Then it dawned on me that I could simply save the HTML in a code editor (such as Sublime or Brackets), open that file in my browser and use a full-page screenshot tool (like Fireshot or Full Page Screen Capture). Simple!

I am often hesitant to write about such simple things, but I have found when it comes to Pardot it’s really not simple to find information about how to do anything. Until recently, you’d think you’d found an answer, but once you clicked through from Google you’d be told to update your bookmarks and reference the Salesforce knowledge base. NO.

There are some solid blogs on how to accomplish more complex tasks with Pardot and manage full-scale marketing automation. Within the few years I have used Pardot, however, I have found it to be lacking in the most basic knowledge. It’s hard to get started and it’s hard to feel confident using it because I think you really need case studies vs definitions of the tools. I hope I can capture some of the basic questions I had in the past and explain them in a way that makes sense to new users, whether it’s setting up Engagement Programs, dealing with automation rules or taking simple email screenshots!

Categories
Work Culture

In defense of open office plans

While I am always one to question everything and try to find the best, evidence-based solution, I can’t get on board with the idea that open office plans are bad!

I have read many blogs and articles stating that open offices are too noisy and distracting, contribute to higher levels of virus spreading, etc. But I am enthusiastic about open offices because I love seeing the people I work with. Even simply looking across a room full of people, I feel the spark of energy and collaboration!

Of course, most times I’m not going to pop over to someone’s desk if they are obviously deep in thought or typing. I may send them a quick ping to ask if they’re free for a minute before walking over. But the point is that it encourages a lot more face-to-face interaction, which I truly think is invaluable.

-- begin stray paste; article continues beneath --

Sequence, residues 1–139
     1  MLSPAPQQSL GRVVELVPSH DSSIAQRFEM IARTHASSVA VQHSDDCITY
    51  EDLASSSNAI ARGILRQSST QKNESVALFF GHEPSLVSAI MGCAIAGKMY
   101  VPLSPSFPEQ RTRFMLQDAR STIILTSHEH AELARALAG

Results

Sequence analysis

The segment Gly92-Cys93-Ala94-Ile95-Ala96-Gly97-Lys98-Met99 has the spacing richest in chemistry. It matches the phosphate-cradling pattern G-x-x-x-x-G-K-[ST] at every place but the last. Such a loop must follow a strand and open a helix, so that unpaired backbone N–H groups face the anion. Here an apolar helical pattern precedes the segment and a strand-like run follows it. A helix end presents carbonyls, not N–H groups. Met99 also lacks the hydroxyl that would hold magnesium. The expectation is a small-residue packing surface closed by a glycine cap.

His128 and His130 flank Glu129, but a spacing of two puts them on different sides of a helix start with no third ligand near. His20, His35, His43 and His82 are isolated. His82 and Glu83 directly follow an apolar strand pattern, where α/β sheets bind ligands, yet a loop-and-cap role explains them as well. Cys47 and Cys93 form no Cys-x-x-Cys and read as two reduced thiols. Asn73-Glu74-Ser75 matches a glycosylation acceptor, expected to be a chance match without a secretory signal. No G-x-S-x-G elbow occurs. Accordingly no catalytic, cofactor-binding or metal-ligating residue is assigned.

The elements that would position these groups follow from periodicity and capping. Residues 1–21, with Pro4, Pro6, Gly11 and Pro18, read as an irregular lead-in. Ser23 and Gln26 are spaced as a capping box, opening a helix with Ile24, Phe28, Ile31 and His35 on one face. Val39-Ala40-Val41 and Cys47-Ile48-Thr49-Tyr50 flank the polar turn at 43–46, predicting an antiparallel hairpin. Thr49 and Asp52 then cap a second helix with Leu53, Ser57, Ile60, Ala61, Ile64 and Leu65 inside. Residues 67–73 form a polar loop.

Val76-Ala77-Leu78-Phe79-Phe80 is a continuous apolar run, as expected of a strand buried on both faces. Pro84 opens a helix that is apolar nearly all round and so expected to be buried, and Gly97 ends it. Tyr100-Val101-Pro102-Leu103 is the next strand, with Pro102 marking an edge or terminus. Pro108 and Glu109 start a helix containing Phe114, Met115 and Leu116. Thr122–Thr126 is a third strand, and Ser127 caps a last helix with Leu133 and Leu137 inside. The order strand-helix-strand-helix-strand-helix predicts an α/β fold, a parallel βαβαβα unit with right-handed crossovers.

Being able to talk with people saves a lot of back-and-forth email traffic that is oftentimes confusing and annoying. How many times have you had to send a follow up email because the person tried to save time by skimming your email and subsequently asked you a question you clearly already answered?

We are in the office for a single reason: face-to-face interaction. Otherwise, companies could save a lot of money and effort by having everyone work from home.

When everyone is hidden behind a cubicle wall or office door, it becomes a much more invasive move to attempt face-to-face interaction. It’s almost easy to forget you have coworkers with whom you can talk to vs firing off another email.

When their door is shut, how are you supposed to know if they’re on an important phone call or if they’ve shut their door because they are embarrassed of listening to Justin Bieber’s Christmas album in October? Or December.

No, I’m not judging because I have definitely shut my door due to Bieber’s holiday tracks. And you shouldn’t judge, either. Have you heard his song with Boyz II Men? Talk about collaboration!

Now that we’ve come full circle on collaboration, I’ll end by saying that I don’t think offices have to be one way or the other. I think we can achieve open office plans while still giving people their privacy.

My last company had official meeting rooms to reserve, but it also had a lot of private “huddle” rooms that anyone could use with no reservation. This could be for private phone calls, work you need absolutely no distractions for, whatever. There were also a lot of large open spaces for teams to work in as to not distract those at their desks trying to work. I felt like that company really got it right on this balance, and I hope to see more of that going forward!